Amma and Appa grew up without TV shows, but they were both certain kinds of cinephiles. For Amma, cinema was a refuge from real life pains. She liked melodramatic family romances that ended happily. For a while, I adopted the same philosophy for films. For Appa, cinema was an event of intimacy. He grew up watching parents who settled their loud, painful fights in the comfort of cinema halls. They were also anglophiles. So Velliammachi grew up on The Sound of Music, which she watched 12 times on the single screen. My sister recently discovered that Velliammachi’s last film in the theatre, before she died in 1994, was Speed.
When Appa took Amma to watch Schindler’s List, Amma was horrified. And later, when he took the three of us to watch The Green Mile, I burst into tears. After Achachan died, my parent’s theatre-going days ended. Many years later, we occasionally visited the theatre to watch Malayalam films that broke box office records and came to Bangalore to fulfil the Malayalee/ military crowd here. We went to the Military Theatre in Shivajinagar to watch Meeshamadhavan and CID Moosa. Later, when Indiranagar became a mini-Keralam, we went to INOX to watch Amen and Bangalore Days.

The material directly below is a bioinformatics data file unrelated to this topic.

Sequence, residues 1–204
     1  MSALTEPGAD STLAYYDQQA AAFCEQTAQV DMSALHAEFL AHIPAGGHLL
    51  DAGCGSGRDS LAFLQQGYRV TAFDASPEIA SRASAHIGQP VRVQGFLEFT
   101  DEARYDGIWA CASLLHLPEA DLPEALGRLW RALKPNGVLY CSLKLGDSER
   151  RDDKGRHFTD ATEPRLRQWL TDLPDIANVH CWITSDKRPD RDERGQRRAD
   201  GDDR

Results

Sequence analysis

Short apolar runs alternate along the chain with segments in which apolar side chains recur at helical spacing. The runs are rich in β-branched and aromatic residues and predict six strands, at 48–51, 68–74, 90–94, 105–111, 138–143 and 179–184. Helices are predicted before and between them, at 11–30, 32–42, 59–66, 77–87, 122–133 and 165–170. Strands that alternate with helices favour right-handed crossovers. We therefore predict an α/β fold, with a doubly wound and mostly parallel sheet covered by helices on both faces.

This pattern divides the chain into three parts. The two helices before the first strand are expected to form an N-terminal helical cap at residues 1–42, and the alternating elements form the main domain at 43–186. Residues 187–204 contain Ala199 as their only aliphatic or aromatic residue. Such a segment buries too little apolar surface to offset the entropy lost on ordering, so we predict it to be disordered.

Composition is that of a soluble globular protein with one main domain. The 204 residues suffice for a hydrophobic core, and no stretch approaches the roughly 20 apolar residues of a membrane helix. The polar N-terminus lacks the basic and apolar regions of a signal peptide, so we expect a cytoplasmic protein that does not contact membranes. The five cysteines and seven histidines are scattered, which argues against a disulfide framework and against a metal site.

The only time we went to watch an English film was GI Joe because it was the only non-Kannada film showing in the multipurpose theatre that opened nearby at Gopalan Mall. By then, we had discovered that English movies were eye rolls, “What bad things are you watching?” Except for one undressing scene, where the zipper of a red dress opens (I held my breath and made myself small), the movie flowed appropriately and ended to Amma’s satisfaction. We never watched another English movie in the theatre, until my secret theatre trips in college.
This English-speaking world opened for us in the few Disney TV shows we followed religiously — The Suite Life of Zack and Cody and That’s So Raven. When we graduated to HBO and Star Movies. There were silent nods of disapproval and a rush to watch TV when the adults weren’t around. When they were, I desperately prayed there would be no kissing scenes. I was most comfortable with dinner-table scenes because they were the safest.
Once, Mummy watched a scene with me and advised: “Learn how to use spoon and forks from these movies. Look how they eat without chewing their food with their mouth open, see how they make minimal noise while using cutlery.”